Monday, February 8, 2016

Dependable Truths

The Mystery within
"The Art of Hearing Heartbeats" by Jan-Philipp Sendker is a novel my book club is currently reading about a grown daughter, Julia, who goes in search of her father who mysteriously left family and country after her graduation from law school.  She questions:

What do we know about our parents, and what do they know about us?  And if we don't even know the individuals who have accompanied us since birth—we not them and they not us—then what do we know about anyone at all?  …on which truths can one ultimately depend?"   

Two dependable truths came to mind for me.  First, I really cannot judge another or say what they should be or do.  And second, I need to be true to myself.  Writing "God Never Hurries" was a gradual unfolding and pulling together of freeing truths for me.

The following is some of my dependable learning from "God Never Hurries:"

"Being in the present moment, however, is only half the test.  Becoming friendly with the present moment, or accepting it, is the more challenging half."

"I sat there with a great discomfort and began to understand the real test for me was to sit with my was also my deepest learning."

"The right questions began to surface from my pain.  My relief was in my pain; my safety was in my questions."

"I found much grace in my trouble."

 "I saw the complicity of my silence in all the past abuse."

"It was as if the sweet seductive voice of God whispered, Be not afraid."

"The more difficult life became, the deeper grew my experience of a caring Presence in the Natural world to whom I belonged.  I came to see God everywhere—and even where God wasn't—in the abuse."

"Bearing accusations of betrayal and seeing my mother hurt was an enormous price to pay to be true to my own soul."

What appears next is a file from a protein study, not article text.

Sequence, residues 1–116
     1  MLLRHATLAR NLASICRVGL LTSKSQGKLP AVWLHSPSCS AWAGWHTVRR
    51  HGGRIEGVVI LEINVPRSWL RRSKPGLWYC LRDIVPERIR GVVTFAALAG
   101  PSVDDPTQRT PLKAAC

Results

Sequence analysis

"To hope means to struggle.  …It can't hurt to have hope but it can hurt not to."

"Justice will be kind.  It will be done over a period of time."

"All that lives is holy, holds truth and mystery for me that I will strive to realize for the rest of my life."

What if we could always trust our troubles to reveal the slow work of God?

Monday, February 1, 2016

Heart Thinking and Breaking

The Mystery within...
I was surprised when I learned thinking occurs in our physical heart as well as our brain.  Initially I thought heart thinking would be the goal since I imagined it would soften the ego and our response to others.  But then I remembered Parker Palmer's On-Being reflection, "An Invitation to Heartbreak and the Call of the Loon" where he says there at least two ways for the heart to break:  "…it can break open into new life, or break apart into shards of sharper and more widespread pain." So that makes heart thinking and breaking, like everything else, a both/and thing. 

News features this past week broke my heart.  First it was of a grandmother that took a walk in the woods with her two-year-old grandson and became separated from him.  Days later the child was found dead.  My heart broke again on hearing of the death of three children in a house fire when the eleven-year-old sister successfully got one young sibling out but died trying to save two who remained in the house.

The last five lines in Mary Oliver's poem "Lead" read:

"I tell you this
to break your heart,
by which I mean only
that it break open and never close again
to the rest of the world."

Hearts broken open must be the positive force behind human progress.

What if we all were willing to let heartbreak break us open to the rest of the world?

Monday, January 25, 2016

Spiritual Consciousness

The Mystery within...